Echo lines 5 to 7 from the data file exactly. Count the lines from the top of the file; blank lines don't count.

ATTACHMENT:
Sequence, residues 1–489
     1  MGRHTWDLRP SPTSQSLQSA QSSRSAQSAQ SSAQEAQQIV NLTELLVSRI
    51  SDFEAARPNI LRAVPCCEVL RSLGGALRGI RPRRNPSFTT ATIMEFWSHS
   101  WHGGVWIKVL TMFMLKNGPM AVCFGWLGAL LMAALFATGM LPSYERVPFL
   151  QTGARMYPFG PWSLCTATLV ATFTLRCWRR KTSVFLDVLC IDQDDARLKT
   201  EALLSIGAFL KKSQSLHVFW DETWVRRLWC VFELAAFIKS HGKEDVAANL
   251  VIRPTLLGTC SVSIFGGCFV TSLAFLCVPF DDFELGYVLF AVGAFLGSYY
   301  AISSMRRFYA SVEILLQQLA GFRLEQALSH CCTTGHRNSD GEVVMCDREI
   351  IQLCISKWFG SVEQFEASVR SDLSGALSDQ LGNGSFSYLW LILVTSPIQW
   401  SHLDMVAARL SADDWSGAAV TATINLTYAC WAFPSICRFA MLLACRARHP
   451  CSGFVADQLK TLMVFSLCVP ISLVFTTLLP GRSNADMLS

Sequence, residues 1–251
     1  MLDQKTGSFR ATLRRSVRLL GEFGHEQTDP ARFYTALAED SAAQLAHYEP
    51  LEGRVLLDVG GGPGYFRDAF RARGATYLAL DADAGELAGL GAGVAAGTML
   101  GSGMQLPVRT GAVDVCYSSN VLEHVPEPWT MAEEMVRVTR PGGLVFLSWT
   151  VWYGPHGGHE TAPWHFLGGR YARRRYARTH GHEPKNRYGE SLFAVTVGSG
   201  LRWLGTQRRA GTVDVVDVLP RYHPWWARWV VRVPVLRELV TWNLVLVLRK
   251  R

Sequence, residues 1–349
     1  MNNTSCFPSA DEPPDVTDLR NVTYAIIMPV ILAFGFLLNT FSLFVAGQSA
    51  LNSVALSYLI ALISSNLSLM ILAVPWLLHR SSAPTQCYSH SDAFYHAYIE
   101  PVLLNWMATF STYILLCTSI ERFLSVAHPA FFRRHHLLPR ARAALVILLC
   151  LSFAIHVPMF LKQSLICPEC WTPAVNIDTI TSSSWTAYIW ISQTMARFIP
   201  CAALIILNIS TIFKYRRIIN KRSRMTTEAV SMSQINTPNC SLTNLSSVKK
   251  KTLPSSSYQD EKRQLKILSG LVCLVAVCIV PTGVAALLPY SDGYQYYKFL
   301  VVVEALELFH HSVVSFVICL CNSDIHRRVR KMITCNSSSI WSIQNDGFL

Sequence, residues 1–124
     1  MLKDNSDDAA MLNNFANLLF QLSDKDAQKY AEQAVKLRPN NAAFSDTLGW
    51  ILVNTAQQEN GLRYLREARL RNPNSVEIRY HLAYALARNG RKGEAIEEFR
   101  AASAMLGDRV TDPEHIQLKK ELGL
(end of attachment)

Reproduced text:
   151  QTGARMYPFG PWSLCTATLV ATFTLRCWRR KTSVFLDVLC IDQDDARLKT
   201  EALLSIGAFL KKSQSLHVFW DETWVRRLWC VFELAAFIKS HGKEDVAANL
   251  VIRPTLLGTC SVSIFGGCFV TSLAFLCVPF DDFELGYVLF AVGAFLGSYY